During the advancement of COVID-19, safety protocols (including facial masks) were incorporated into public settings. The Centers for Disease Control and Prevention (CDC), due to safety regulations, recommend wearing face masks when in close contact with other people in public environments, such as in a classroom, where social distancing is difficult. Understanding these CDC recommendations is still critical when looking for effective and safe alternative forms of masking for particular industries. Many industries smoothly transitioned to daily use of traditional cloth masks, but other industries (such as education) serving clients with high communicational needs and communication-centered services sought masking alternatives. This study examines related research to explore the question of whether wearing masks may have any impacts on student engagement, particularly with regards to Early Childhood Education (ECE) or in the Education of Students with Exceptionalities (ESE). Research found that masks have a significant impact on factors of engagement (i.e., physical, behavioral, intellectual, social, emotional; The Glossary of Education Reform, 2016) and suggests transparent masks paired with Remote Microphones as a viable alternative to traditional masking. Future recommendations are provided in hopes of impacting the use of face masks with young students for both safety and for engagement. Future research should focus on ECE or ESE classrooms using observable language and literacy acquisition skills and visual cues related to the Categories of Engagement defined by The Glossary of Education Reform (2016).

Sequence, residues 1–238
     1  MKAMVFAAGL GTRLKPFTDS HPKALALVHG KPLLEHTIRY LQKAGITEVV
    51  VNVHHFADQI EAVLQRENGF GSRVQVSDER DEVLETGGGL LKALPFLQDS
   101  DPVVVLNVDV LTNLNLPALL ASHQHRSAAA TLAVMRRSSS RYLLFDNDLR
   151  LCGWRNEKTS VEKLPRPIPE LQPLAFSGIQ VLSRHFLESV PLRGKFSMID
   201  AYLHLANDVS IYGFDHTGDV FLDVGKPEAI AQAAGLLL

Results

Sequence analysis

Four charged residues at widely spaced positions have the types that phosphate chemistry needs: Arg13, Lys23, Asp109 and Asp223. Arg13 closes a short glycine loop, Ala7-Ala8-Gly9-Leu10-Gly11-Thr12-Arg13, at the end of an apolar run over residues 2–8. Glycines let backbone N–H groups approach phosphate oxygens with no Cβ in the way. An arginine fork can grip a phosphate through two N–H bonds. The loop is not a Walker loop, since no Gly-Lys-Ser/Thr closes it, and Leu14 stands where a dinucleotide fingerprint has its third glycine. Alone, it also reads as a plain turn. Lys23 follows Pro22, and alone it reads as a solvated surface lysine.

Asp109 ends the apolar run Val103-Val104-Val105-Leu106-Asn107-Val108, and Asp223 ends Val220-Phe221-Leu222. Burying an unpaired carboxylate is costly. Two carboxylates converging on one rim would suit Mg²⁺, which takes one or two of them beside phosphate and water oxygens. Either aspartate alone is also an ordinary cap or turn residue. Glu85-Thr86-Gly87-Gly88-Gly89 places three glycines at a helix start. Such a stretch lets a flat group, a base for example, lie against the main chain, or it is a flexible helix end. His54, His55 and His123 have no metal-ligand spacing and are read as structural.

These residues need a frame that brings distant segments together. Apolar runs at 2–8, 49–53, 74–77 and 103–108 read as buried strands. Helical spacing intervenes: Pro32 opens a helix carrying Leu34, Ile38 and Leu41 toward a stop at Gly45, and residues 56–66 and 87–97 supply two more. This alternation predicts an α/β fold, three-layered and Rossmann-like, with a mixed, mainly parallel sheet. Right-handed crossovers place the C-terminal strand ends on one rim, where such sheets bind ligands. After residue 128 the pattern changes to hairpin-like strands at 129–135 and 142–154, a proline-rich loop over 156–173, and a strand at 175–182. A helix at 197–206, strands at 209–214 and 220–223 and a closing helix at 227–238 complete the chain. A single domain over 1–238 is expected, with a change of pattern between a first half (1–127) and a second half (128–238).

Bachelor of Arts (B.A.)
College of Community Innovation and Education
School of Teacher Education
Frahm, Anna M., "Exploring the Effects of Masks on Student Engagement in ECE and ESE: A Literature Review of Related Research" (2022). Honors Undergraduate Theses. 1238.